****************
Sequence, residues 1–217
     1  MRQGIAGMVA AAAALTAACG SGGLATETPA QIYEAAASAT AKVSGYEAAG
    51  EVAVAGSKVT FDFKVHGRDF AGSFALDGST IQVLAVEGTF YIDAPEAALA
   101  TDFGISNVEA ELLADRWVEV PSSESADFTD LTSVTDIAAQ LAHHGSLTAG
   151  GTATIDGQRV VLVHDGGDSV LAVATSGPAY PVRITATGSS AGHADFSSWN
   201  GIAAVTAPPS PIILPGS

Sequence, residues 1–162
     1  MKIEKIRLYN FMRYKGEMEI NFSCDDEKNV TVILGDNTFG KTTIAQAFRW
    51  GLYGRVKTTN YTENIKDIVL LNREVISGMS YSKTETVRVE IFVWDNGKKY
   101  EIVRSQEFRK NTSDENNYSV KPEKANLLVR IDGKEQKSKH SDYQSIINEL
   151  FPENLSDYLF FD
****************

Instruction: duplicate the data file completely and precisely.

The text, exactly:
Sequence, residues 1–217
     1  MRQGIAGMVA AAAALTAACG SGGLATETPA QIYEAAASAT AKVSGYEAAG
    51  EVAVAGSKVT FDFKVHGRDF AGSFALDGST IQVLAVEGTF YIDAPEAALA
   101  TDFGISNVEA ELLADRWVEV PSSESADFTD LTSVTDIAAQ LAHHGSLTAG
   151  GTATIDGQRV VLVHDGGDSV LAVATSGPAY PVRITATGSS AGHADFSSWN
   201  GIAAVTAPPS PIILPGS

Sequence, residues 1–162
     1  MKIEKIRLYN FMRYKGEMEI NFSCDDEKNV TVILGDNTFG KTTIAQAFRW
    51  GLYGRVKTTN YTENIKDIVL LNREVISGMS YSKTETVRVE IFVWDNGKKY
   101  EIVRSQEFRK NTSDENNYSV KPEKANLLVR IDGKEQKSKH SDYQSIINEL
   151  FPENLSDYLF FD